The sound of hooves was all I could hear as we left our camp on horseback to make our way to Jalman Meadows. That and the occasional cuckoo. So peaceful and so far away from civilisation. I spotted several gers belonging to local nomadic families as we rode but the rest of the landscape was just beautiful Mongolian steppe, with gentle rolling hills in the distance. The perfect way to start the day. 

I had already been in Mongolia for four days at this point, having visited the prehistoric sites around Ikhnart Rocks and a brief overnight stop in Ulaanbaatar. Being in the saddle made a nice change from sitting in the back of a land cruiser; totally necessary due to the amount of off-road driving that is needed to access the tented camps.

Camping is often synonymous with basic tents and cooking over a gas stove – yet these camps are far from that description. The only real connection being that the places we were staying in are fully collapsible and leave no trace of human existence. I was beginning to feel like a true nomad; I was just missing my deel, the name the locals give their long tunics.

The camps had huge accommodation gers with a stove for warmth, plus a sink in one corner. They are all adorned in a traditional style with delicate touches which would put some hotel rooms to shame. Most of them aren’t en-suite – however, there are shower gers and toilets set a small distance away which are more than sufficient. Each camp I visited had a massage ger and library, which offered charging points for electrical devices. The clever use of wind and solar energy rarely letting them down. The restaurant ger served a staggering variety of dishes and the quality impressed all of us around the table. Yes, there was the classic mutton and cheeses in many guises but this was complemented with salads, soups and deserts – and the chefs were never fazed by specific dietary requirements.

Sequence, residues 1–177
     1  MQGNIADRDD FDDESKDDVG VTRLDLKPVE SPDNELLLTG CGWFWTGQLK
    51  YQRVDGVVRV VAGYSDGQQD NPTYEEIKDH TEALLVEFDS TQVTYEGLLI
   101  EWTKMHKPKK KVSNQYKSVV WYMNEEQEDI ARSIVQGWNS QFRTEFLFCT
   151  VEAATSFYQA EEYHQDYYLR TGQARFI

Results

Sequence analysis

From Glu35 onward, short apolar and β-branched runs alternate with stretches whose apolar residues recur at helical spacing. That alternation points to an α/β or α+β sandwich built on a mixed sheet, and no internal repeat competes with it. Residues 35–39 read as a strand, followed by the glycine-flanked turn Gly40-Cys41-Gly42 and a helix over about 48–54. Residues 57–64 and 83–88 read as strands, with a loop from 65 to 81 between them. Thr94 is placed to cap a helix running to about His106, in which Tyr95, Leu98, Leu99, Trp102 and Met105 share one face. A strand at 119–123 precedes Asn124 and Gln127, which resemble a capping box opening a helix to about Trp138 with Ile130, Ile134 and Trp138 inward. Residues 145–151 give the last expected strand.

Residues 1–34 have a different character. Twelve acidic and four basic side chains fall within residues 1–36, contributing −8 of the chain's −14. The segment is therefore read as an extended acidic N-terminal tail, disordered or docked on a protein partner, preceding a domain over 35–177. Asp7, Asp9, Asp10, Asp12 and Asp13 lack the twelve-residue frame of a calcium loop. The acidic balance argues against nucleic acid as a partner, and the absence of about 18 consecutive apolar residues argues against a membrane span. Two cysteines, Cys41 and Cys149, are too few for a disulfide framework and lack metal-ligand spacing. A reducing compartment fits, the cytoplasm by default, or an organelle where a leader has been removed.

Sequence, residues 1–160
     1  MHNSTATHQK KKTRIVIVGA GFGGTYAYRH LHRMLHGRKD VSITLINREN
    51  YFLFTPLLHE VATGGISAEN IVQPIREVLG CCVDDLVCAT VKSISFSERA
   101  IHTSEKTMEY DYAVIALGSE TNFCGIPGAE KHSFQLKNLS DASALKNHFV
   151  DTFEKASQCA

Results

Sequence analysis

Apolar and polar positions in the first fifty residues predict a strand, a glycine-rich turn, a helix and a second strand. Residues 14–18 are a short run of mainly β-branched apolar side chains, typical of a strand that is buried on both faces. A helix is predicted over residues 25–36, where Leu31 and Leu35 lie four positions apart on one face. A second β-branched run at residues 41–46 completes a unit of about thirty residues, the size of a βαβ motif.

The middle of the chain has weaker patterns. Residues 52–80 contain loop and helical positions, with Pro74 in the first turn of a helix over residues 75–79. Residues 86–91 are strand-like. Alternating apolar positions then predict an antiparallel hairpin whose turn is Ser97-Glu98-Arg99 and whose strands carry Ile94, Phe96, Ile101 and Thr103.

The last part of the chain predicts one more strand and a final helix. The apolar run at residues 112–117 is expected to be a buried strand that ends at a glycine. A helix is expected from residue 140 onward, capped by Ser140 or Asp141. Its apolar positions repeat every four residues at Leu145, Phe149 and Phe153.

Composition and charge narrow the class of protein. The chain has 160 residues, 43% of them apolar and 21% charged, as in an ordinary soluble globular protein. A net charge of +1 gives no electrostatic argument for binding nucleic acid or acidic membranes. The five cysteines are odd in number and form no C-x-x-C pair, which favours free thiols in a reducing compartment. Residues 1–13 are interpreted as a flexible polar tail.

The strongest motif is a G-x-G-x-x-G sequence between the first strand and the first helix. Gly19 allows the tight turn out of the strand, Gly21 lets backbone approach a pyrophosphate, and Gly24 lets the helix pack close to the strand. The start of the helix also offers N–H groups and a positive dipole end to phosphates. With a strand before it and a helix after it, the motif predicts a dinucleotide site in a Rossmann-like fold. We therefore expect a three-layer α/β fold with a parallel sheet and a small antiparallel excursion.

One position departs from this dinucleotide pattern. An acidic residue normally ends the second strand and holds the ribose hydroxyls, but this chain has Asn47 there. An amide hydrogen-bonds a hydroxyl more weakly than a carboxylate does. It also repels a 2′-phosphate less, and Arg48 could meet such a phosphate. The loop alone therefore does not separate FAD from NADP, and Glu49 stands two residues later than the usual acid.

The ride to my final camp took us along the Tuul River, which, when high enough, is perfect for rafting and kayaking. At one point, we came across a flock of vultures gathering around their breakfast. Remains left behind by a wolf or fox, no doubt. For us, a reminder that survival in Mongolia is always high on the agenda with the land and seasons being vast and extreme. Two hours later, we were met by the whines of other horses as we arrived at our destination. It seemed like they were happy to be home amongst the rest of their herd. I was just as happy to stretch my legs. 

We settled into our gers and then had lunch – following this up by taking in all the activities on offer. To start, we chose to go and meet a local nomadic family to find out exactly what life was like for them. Just a short walk away, our hosts – five children plus parents and grandad – welcomed us into their ger with milk tea and dried curd. Not particularly to my taste but I politely drank and ate as my guide translated our conversation.

After a while, we were escorted back outside to help tend to the animals; it was milking time. Travelling in June meant that there were many calves, fouls and lambs – but this clearly means much work for the herders. There is little opportunity to relax and have fun, especially in spring and summer. It was astonishing to see how the children are at complete ease with the herds and readily help where they can. Seemingly natural horse riders by the age of six, many are set to compete at the Naadam Festival, which takes place in July just outside the capital city of Ulaanbaatar. It is clear to see that determination, strength and pride are key traits for any Mongolian herder and are passed down through the generations through hard work and maintaining traditions.

Living in Mongolia can be hard and as a visitor I only got to glimpse briefly into their lives – but I feel privileged to have had the chance to do so. It’s not the easiest country to travel around yet the rewards have left me wanting more.

Thanks for reading

Clare Higginson, Borneo

Author: Clare Higginson